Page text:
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Editorial: CWRU’s bland new logo fails to embody our unique community

Courtesy of CWRU
CWRU is receiving well-deserved pushback from the community for abandoning its 16-year old logo (bottom) and adopting a new, modernized one (top).

In early June, Case Western Reserve University changed its official logo. The updated design is still recognizable since it is a modernized version of the logo that was in use from 2007 until the middle of this year. The new logo features simpler and thicker letters, a redesigned sunburst and a brighter shade of blue now called “CWRU Blue.” Reactions to the design change have been mixed at best, with some praising the new logo’s simplicity while many others have openly voiced their displeasure with its generic and modernized style. The Observer maintains that criticism of the new logo is entirely warranted as its dull design fails to represent our dynamic and innovative community.

In a video uploaded on June 5 titled “CWRU Goes Bolder, Brighter with Brand Update,” the university justified its decision to change its 16-year-old logo. Despite CWRU’s record for achievement and innovations, “we still can get lost in a crowd,” the narrator says, as CWRU’s old logo appears alongside 21 other university logos (not counting the two that were repeated). “So we decided to simplify, modernize and demand to stand out. We brightened our colors and emboldened our seal. We’re still all CWRU, just much harder to miss.” The university’s rationale for the logo change is understandable and even laudable, but the new logo’s execution fails to live up to CWRU’s lofty ambitions.

Despite the university’s assertion that the redesigned logo is “bolder” and “brighter,” almost every aspect of the new logo is a visual downgrade from the old one. The new color of CWRU Blue is the only defensible change. While the dark color of the old logo was aesthetically fine, CWRU Blue is not so bright that it appears comical and unserious. If the university had kept the layout of the old logo but only added CWRU Blue, most in the community probably would have been welcoming or ambivalent about the change. Instead, CWRU decided to make the rest of the logo undeniably worse.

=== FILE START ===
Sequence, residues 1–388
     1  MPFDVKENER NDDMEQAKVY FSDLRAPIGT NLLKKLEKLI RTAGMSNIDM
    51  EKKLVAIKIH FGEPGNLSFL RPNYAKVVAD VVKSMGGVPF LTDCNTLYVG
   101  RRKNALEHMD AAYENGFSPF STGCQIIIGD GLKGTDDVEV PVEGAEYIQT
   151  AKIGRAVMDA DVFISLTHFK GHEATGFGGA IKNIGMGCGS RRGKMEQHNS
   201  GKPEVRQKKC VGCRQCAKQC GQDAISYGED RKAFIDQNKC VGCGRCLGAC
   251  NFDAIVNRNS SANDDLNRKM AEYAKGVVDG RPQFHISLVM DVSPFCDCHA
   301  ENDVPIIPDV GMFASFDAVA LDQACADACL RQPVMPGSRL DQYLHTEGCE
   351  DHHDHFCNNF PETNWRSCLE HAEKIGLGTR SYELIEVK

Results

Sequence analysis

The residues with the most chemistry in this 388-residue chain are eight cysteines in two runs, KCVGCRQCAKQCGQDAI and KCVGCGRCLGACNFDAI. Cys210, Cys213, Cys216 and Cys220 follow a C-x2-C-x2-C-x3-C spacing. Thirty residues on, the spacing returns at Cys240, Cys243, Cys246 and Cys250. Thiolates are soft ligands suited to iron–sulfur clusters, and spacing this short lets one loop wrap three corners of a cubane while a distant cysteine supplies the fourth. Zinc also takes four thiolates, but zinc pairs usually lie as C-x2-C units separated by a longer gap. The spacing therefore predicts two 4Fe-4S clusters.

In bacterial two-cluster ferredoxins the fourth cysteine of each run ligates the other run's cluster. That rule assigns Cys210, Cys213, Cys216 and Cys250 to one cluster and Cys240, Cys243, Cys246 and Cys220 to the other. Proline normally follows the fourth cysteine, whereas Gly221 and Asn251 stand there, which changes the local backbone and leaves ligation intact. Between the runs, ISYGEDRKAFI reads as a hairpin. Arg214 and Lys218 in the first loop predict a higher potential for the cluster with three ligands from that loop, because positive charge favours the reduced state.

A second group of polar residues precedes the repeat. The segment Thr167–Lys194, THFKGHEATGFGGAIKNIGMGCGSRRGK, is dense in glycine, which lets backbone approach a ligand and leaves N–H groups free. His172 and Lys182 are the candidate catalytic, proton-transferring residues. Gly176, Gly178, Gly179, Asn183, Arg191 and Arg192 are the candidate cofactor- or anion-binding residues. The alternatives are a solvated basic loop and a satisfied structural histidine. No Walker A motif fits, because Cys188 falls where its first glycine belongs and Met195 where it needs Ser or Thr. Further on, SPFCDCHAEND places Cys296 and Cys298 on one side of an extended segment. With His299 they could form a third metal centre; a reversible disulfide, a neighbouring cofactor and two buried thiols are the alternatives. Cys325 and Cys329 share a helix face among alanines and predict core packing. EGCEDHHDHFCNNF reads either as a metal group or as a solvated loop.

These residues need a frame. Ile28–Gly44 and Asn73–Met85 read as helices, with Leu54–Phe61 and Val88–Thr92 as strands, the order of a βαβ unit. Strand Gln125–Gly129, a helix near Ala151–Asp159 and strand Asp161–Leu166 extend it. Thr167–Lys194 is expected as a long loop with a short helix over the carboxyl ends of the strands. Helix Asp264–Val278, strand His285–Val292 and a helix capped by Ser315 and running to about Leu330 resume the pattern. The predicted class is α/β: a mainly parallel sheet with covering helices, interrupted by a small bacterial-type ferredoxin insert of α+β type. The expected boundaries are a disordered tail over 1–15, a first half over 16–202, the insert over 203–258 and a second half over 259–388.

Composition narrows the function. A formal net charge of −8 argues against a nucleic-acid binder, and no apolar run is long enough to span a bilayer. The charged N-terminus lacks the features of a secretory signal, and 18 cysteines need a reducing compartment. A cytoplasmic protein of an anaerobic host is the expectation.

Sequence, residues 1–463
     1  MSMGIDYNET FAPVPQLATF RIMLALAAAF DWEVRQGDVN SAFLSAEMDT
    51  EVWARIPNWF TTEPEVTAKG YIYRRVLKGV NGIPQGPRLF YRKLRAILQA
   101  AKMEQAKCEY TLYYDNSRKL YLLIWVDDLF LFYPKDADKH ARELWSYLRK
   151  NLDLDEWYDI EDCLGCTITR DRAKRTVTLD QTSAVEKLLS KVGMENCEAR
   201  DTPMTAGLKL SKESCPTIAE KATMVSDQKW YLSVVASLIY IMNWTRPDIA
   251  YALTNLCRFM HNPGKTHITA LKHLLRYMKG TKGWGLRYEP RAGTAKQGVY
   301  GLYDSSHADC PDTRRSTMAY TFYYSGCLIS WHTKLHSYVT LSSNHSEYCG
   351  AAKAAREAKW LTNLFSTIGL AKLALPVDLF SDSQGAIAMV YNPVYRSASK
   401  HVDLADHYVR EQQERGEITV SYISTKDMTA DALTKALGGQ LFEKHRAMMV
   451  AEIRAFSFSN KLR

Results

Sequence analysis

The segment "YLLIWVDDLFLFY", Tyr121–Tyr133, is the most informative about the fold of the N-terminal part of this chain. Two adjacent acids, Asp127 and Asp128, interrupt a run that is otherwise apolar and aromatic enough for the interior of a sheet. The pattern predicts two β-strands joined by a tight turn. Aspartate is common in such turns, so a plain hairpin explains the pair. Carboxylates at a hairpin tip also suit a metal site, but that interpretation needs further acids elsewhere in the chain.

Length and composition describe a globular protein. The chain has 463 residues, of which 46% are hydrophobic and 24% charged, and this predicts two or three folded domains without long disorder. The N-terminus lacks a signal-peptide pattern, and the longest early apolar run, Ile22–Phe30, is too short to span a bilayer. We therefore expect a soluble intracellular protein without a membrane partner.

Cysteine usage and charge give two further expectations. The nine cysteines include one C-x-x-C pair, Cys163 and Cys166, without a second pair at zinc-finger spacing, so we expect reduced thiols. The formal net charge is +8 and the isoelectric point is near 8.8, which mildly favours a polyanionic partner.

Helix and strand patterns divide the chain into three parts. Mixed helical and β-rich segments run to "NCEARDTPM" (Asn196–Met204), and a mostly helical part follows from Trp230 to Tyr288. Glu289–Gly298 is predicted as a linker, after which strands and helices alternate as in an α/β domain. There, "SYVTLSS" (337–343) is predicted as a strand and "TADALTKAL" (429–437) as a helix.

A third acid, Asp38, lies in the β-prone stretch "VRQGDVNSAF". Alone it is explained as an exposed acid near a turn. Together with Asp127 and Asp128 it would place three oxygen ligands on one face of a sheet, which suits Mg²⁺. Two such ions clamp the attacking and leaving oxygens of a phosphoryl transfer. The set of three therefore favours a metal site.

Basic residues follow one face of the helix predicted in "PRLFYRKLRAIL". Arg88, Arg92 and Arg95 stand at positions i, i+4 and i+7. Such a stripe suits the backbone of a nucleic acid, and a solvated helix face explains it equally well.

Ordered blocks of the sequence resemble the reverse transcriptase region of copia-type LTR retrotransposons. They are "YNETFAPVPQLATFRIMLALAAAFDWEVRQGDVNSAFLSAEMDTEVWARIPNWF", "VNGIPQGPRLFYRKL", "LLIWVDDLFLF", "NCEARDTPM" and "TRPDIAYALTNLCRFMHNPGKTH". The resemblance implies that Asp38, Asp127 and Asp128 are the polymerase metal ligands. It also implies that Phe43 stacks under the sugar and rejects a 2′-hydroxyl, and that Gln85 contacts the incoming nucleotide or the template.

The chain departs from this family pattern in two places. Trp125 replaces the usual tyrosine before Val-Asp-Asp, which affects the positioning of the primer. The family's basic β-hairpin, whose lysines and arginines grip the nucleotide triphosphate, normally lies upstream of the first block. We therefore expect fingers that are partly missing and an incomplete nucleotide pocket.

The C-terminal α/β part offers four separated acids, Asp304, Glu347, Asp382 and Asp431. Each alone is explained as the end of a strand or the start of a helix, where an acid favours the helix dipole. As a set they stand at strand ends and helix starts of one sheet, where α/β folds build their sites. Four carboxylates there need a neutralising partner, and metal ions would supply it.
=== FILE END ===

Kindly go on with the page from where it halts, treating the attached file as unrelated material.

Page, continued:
The new sunburst that features prominently on the left side of the logo is less appealing than the old version, having lost its distinctive half-finished white box. The old sunburst was asymmetrical and appeared at an angle, rising from the east and bursting out of the box’s thin outline. This was intended to physically represent the university motto “Think Beyond the Possible,” embodying the bright future we are destined to face through the educational and research efforts of CWRU. The new one is symmetrical and sits horizontally. The new sunburst also attempts to include the detail of the sun rising over a horizon, but it fails in getting this message across. Instead of having the clear appearance of a curved horizon at the bottom, the logo’s extremely simplistic design makes the curved horizon look like the outermost rays of the sun. One could be forgiven for mistaking this new sunburst for a palm leaf.

The old logo had a unique phrase that appears nowhere on the redesigned version: “Est. 1826.” While many universities put their founding year in their official seals, exceedingly few include them on their horizontal logos. CWRU wants its new logo to “stand out” and be “harder to miss,” but it does not accomplish this goal by removing one of the most unique aspects of its old logo. The university should proudly display its nearly two centuries of history in its marketing, not cut out that achievement for the sake of simplicity.